The case for central bank independence from the political branches of the government is simple. Central banks control the amount of money in the economy. For example, by selling short-term government securities for cash, they reduce the amount of money in the economy and this drives up short-term interest rates, while by buying such securities for cash they increase the amount of money in the economy and that drives down short-term interest rates. (Long-term interest rates are also affected, and in the same direction.) Politicians like the money supply to increase before elections, because a reduction in interest rates stimulates economic activity; consumers borrow more to consume, and businesses borrow more to invest in production. In principle, consumers and businesses should anticipate inflation (if the money supply is increasing faster than the output of goods and services), resulting in higher long-term interest rates and various distortions in economic activity, and take preventive measures that will reduce the stimulative effect of the central’s bank low-interest-rate policy. But we know from the reaction of consumers and producers to the very low interest rates of the early 2000s that the effect of very low rates on consumption and production are not fully and immediately offset by anticipation of future consequences.
Thus if a nation’s central bank is controlled by politicians, it can be expected to reduce short-term interest rates at particular phases in the electoral cycle, and this tendency, because unrelated to any economic reasons for low interest rates, can be expected to have an inflationary effect. Moreover, inflation can easily get out of hand. When inflation is anticipated, the amount of money in circulation increases; people hold smaller cash balances because inflation erodes the value of cash. The more rapidly money circulates, the higher the ratio of money to output and therefore the higher the rate of inflation. (Money that does not circulate—money that people keep under their mattresses, for example—are not really part of the money supply because they are not exchanged for goods or services.)
As inflation mounts, the cure—a sharp reduction in the money supply and concomitant increase in interest rates—becomes more painful. When Paul Volcker, the chairman of the Federal Reserve, pushed short-term interest rates to 20 percent in August 1981 to break an inflation rate that had reached 15 percent, he precipitated a very sharp recession. President Reagan was furious but Volcker stuck to his guns. A politically dependent Federal Reserve probably would not have done so.
In fact the Federal Reserve is not completely independent from politics. Unlike the Supreme Court, its independence is not dictated by the Constitution. The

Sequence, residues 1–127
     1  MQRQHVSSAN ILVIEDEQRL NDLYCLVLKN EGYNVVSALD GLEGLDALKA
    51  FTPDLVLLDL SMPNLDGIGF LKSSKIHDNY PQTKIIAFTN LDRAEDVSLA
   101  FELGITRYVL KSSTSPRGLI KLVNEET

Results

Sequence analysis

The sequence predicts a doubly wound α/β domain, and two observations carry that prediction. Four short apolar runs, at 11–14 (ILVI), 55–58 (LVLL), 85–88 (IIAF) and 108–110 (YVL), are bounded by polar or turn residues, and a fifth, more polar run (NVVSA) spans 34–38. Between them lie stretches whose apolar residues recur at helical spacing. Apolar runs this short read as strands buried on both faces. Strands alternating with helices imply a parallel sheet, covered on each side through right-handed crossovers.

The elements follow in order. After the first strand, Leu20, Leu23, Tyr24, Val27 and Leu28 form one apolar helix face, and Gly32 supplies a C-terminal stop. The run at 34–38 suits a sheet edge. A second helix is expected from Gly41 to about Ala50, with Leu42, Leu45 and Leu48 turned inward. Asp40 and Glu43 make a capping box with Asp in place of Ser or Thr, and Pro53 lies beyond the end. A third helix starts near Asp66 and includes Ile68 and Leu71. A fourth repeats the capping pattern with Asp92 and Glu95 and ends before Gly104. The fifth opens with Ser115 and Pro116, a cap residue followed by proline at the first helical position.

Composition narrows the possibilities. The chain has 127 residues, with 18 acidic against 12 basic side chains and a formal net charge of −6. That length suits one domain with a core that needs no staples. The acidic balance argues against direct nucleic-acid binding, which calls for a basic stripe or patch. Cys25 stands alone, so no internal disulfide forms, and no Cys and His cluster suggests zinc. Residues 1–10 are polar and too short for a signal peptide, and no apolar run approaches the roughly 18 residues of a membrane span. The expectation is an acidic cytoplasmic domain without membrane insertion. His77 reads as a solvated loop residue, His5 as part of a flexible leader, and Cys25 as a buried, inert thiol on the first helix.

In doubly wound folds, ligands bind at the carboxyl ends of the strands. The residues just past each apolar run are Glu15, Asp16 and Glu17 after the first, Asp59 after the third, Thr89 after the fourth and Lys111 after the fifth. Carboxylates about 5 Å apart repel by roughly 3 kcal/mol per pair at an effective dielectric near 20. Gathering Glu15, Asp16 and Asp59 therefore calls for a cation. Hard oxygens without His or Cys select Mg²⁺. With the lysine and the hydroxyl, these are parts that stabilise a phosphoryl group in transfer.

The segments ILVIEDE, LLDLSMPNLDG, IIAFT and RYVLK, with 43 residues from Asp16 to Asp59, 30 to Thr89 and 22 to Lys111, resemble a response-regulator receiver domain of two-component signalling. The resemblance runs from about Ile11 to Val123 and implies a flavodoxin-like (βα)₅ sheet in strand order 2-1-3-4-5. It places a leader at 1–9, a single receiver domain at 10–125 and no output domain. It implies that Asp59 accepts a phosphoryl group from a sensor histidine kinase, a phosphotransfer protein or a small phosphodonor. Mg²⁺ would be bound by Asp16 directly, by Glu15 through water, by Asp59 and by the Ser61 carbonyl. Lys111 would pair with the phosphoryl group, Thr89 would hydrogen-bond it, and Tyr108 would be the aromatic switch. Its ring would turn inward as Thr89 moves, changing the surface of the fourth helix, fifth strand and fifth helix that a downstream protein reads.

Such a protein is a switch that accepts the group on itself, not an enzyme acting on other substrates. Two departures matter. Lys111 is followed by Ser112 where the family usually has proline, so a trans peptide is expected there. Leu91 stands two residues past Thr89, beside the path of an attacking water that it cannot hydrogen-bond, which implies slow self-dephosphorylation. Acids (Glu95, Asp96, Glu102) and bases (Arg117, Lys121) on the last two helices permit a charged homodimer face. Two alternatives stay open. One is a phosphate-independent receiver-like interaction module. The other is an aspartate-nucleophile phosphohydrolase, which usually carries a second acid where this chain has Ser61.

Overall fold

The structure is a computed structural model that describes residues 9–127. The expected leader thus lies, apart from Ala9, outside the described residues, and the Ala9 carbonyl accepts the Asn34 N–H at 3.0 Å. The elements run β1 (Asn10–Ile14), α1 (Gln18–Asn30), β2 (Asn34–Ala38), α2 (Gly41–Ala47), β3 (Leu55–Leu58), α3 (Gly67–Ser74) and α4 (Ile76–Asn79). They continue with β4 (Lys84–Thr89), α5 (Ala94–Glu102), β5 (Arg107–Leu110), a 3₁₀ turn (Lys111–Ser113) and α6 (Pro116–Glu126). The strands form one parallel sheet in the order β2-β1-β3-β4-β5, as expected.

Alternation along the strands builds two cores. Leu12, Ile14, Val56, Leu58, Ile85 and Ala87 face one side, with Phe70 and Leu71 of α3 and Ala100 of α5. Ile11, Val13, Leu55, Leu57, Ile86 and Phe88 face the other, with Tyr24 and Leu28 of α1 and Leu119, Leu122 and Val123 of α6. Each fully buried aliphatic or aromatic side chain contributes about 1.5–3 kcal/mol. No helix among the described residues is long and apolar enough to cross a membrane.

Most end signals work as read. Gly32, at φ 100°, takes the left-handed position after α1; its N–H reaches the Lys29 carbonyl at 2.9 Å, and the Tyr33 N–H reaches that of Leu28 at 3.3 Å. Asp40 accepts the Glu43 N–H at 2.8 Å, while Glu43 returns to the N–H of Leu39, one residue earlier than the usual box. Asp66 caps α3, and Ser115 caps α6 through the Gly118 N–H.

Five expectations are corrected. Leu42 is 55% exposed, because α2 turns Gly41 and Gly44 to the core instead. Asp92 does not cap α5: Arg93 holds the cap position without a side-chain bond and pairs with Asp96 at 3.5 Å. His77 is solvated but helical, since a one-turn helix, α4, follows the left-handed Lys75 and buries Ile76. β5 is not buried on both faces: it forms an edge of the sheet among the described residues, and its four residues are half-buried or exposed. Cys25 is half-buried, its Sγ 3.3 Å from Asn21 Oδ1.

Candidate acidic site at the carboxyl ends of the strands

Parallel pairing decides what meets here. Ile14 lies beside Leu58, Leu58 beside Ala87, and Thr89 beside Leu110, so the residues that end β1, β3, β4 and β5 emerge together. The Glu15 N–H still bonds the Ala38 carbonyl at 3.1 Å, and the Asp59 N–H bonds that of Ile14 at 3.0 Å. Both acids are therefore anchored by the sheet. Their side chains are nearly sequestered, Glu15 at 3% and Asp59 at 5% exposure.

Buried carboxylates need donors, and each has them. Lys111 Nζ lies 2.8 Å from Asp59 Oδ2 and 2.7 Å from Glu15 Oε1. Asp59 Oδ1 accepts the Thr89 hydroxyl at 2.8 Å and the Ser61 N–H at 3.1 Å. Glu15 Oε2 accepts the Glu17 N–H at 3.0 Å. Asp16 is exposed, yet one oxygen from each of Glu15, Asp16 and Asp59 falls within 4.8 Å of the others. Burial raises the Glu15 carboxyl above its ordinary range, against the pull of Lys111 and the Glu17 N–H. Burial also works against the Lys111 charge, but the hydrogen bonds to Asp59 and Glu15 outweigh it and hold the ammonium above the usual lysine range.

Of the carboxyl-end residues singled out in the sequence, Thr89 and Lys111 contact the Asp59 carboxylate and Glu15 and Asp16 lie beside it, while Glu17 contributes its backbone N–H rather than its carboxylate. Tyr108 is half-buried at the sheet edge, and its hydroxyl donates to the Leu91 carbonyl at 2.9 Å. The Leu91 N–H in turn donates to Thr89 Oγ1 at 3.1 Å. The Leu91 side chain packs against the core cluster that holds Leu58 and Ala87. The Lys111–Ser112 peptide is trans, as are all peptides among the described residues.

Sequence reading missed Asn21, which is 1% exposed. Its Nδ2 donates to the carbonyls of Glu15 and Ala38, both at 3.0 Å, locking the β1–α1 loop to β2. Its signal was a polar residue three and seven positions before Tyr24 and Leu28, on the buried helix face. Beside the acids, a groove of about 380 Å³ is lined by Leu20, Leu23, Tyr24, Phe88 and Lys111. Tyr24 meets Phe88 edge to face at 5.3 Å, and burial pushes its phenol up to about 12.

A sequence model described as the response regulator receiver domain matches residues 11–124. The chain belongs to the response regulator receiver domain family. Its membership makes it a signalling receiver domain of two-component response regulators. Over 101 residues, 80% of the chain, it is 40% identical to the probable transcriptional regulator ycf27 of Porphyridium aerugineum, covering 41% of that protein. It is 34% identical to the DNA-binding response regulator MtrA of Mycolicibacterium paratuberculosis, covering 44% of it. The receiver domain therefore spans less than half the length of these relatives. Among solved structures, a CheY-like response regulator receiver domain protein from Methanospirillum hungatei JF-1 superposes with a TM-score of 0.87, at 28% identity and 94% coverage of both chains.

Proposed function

Particularly not in an economic crisis, such as hit the country and the world in September 2008. Essentially the Federal Reserve recapitalized the banking industry by buying its mortgage-backed securities (and other bank debt as well), thus pouring cash into the banking system. (As did the Treasury Department.) By greatly expanding the money supply, the Fed sowed the seeds of a future inflation—but in times of economic desperation the attitude is: let the future take care of itself.
The Supreme Court is the best example of a government institution that is outside political control. The Justices can as a practical matter be removed from office only if they commit crimes, and their decisions on matters of constitutional law can be nullified only by the very cumbersome process of amending the Constitution. Also, there is widespread public respect for the Supreme Court, and for courts and judges in general. The Federal Reserve has neither constitutional standing nor the enthusiastic support of the people. Its close links to the banking industry are noted and very few people have even the slightest understanding of the Fed’s role and responsibilities. It performed ineptly in the run up to the financial crisis and in refusing to bail out Lehman Brothers. Bernanke’s reappointment drew sharp opposition in the Senate, and there is some indication that Senate Majority Leader Reid extracted from Bernanke during the confirmation process a quasi-promise not to raise short-term interest rates too soon, lest by doing so the Fed choke of an economic recovery.
So the Fed is best described as quasi-independent rather than independent. A constitutionally independent Fed—an institution parallel to the Supreme Court—would create something close to a dictatorship over the business cycle, and this is too much power for a democratic society (perhaps any society) to cede to a bevy of economists and financiers. But the quasi-independence of the Fed, by giving it a great deal of discretion over monetary policy (even if the discretion is not complete), worries some economists, who think the Fed apt to misuse it, whether because of unsound economic theories or in an effort to mollify the political branches. But occasional proposals, as by Milton Friedman, to tie the Fed to a precise formula for increasing or decreasing short-term interest rates seem too rigid, because a formula cannot prescribe the correct response to unpredictable shocks to the economy, as we experienced in the financial collapse of 2008.